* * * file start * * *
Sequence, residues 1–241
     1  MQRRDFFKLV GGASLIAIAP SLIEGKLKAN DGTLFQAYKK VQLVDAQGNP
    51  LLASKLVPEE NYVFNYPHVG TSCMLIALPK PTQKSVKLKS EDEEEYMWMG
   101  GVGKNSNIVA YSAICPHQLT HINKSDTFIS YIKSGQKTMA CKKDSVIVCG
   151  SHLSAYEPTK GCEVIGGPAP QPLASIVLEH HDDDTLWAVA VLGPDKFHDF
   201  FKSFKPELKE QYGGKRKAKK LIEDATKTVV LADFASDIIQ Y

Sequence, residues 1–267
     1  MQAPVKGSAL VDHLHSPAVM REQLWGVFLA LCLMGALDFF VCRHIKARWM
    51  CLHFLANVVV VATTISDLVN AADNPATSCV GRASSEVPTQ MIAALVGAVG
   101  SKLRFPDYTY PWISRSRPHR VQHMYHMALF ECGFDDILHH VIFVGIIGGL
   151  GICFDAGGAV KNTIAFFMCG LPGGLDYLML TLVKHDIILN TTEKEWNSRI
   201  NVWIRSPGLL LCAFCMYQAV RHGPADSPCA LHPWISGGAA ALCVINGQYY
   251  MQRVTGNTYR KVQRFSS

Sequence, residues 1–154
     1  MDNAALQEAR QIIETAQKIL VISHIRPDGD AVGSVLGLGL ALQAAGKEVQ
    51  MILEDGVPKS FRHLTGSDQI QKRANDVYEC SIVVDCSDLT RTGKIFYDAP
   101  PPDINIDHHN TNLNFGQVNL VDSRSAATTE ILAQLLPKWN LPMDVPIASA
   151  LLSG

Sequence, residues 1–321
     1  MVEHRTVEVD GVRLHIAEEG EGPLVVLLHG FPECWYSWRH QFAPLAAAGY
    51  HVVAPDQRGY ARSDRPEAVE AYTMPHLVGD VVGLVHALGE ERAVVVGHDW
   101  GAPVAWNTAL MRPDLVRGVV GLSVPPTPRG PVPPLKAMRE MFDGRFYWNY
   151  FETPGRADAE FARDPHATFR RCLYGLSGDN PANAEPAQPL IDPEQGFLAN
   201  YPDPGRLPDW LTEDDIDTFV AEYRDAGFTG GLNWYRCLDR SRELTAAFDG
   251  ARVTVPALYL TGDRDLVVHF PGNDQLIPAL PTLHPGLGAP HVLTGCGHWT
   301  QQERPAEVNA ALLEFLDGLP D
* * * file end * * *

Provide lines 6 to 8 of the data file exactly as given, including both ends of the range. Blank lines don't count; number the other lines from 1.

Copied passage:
   201  FKSFKPELKE QYGGKRKAKK LIEDATKTVV LADFASDIIQ Y

Sequence, residues 1–267
     1  MQAPVKGSAL VDHLHSPAVM REQLWGVFLA LCLMGALDFF VCRHIKARWM